Peacock Banned From Plane (MetroNews)

I was there. Flight 326 out of Florida. Jet Blue.

It wasn’t so bad. It won’t fit in a bird cage, they said. Put the bird in a damned kennel, I said. Or whatever you call those cages.

It doesn’t have to be walking around in the aisle, I said. It was worse than the drink cart. You couldn’t get to the bathroom. And speaking of bathrooms, it was worse than a Canadian Goose with the you-know-what.

Jet Blue didn’t ban the peahen. She was no problem. She got into somebody’s pretzels but that was all. A bit of a wallflower.

How different can bird sizes be, you ask. My budgie sat on my shoulder for most of the flight. That big galoot peacock would come alongside and the two of them would eye each other. Comical sight! The peahen pretended not to notice (my Mert is a girl).

Blind long snapper wants to become starting QB (CNN)

A Post for Anglers

If you love fishing like I do, then you’re well familiar with the long snapper, that redoubtable piscine gladiator who will fight you to the finish once hooked.

But perhaps you have never encountered the Mbisi version of this snapper (Lutjanus Bwanobu). Living in the dark rivers that flow through the limestone caverns beneath Mount Mbumibiawnabu, caverns carved out over the eons, the Mbisi snapper is the opposite of a fighter. It is easily frightened and once in that state, wants to be QB (EATEN) or LB (at least CHEWED) (emphasis theirs).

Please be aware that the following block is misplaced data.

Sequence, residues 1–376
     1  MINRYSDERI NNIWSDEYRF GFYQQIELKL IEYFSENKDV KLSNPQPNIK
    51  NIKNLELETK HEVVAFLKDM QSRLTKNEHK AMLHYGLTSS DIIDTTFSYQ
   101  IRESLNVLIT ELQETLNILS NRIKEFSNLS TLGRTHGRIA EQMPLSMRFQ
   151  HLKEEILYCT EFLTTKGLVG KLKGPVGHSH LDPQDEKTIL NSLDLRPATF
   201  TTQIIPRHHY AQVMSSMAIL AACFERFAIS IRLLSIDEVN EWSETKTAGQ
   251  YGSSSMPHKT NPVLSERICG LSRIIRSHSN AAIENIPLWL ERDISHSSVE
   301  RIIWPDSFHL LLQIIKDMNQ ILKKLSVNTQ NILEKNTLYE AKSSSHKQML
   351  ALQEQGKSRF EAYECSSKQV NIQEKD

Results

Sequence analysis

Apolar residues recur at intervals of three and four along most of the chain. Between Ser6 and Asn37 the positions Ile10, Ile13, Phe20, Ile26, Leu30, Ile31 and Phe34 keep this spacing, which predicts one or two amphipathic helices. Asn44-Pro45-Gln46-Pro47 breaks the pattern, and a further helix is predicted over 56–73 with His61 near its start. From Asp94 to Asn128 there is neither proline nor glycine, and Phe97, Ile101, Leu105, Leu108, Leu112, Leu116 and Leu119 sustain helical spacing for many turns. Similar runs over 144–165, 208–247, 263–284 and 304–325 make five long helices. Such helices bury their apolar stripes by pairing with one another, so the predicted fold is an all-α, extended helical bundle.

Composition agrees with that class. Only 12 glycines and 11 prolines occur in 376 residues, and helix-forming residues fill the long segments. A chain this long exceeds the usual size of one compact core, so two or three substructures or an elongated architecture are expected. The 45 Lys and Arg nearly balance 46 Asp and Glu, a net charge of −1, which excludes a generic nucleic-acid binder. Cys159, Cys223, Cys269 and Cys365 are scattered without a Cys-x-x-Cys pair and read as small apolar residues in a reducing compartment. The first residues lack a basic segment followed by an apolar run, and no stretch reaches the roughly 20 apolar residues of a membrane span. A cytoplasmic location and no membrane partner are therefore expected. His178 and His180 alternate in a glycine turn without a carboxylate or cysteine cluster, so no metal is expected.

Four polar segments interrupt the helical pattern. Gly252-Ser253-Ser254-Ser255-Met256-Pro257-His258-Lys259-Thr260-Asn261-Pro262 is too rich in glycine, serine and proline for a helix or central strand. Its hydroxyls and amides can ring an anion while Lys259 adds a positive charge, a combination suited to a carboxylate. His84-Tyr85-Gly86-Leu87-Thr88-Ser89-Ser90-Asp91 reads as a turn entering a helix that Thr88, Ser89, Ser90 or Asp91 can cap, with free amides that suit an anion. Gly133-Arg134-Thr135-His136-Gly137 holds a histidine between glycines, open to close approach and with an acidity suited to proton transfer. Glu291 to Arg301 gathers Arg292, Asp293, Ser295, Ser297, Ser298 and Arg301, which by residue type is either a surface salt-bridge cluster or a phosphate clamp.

The Mbisi fishermen squat on the banks of those stygian courses underground and clap their hands loudly when they hear a passing snapper. The startled fish flops out of the water at their feet, ready to be taken home and fried in a pan.

The tribesmen charge only a modest fee to act as your guide in the caverns. The only difficulty you will encounter in hiring them is the thousand-mile journey on foot through steaming jungles rife with the tsetse fly and swarming QBQ (EAT YOU) short snappers in the swamps.

Bee in the Snow

Con Chapman has posted a poem about a bee in the snow, on his blog here.

You would expect a hive of honeybees to be warm and cozy in the winter, with the bees staying in, but the reality, as is so often the case with Nature, is harsher.

If you’ve visited The Hive, you know what I mean.

You’ve got the Queen ruling the roost (if we think of bees as chickens and the queen bee as a rooster), surrounded by her loutish drones (if we think of male bees as Marlon Brandos in wife-beaters).

The Queen’s worker-bee sisters are no more than slaves (if we think of them as the pyramid builders in The Ten Commandments).

Is it any wonder that the occasional worker-bee kicks over the traces and leaves the hive (if we think of bees as mules)?

Or perhaps she left the hive in search of a drone of her own, or worse, was caught red-handed in the hive with one of the Queen’s drones (if we think of bees as having hands).

Perhaps she was an evolved snow-bee out searching for the first crocus (if we think of mutant bees as Homo Sapiens in a world of Neanderthals.)

Did I mention that the bee in the snow was not smiling (if bees had lips, so forth).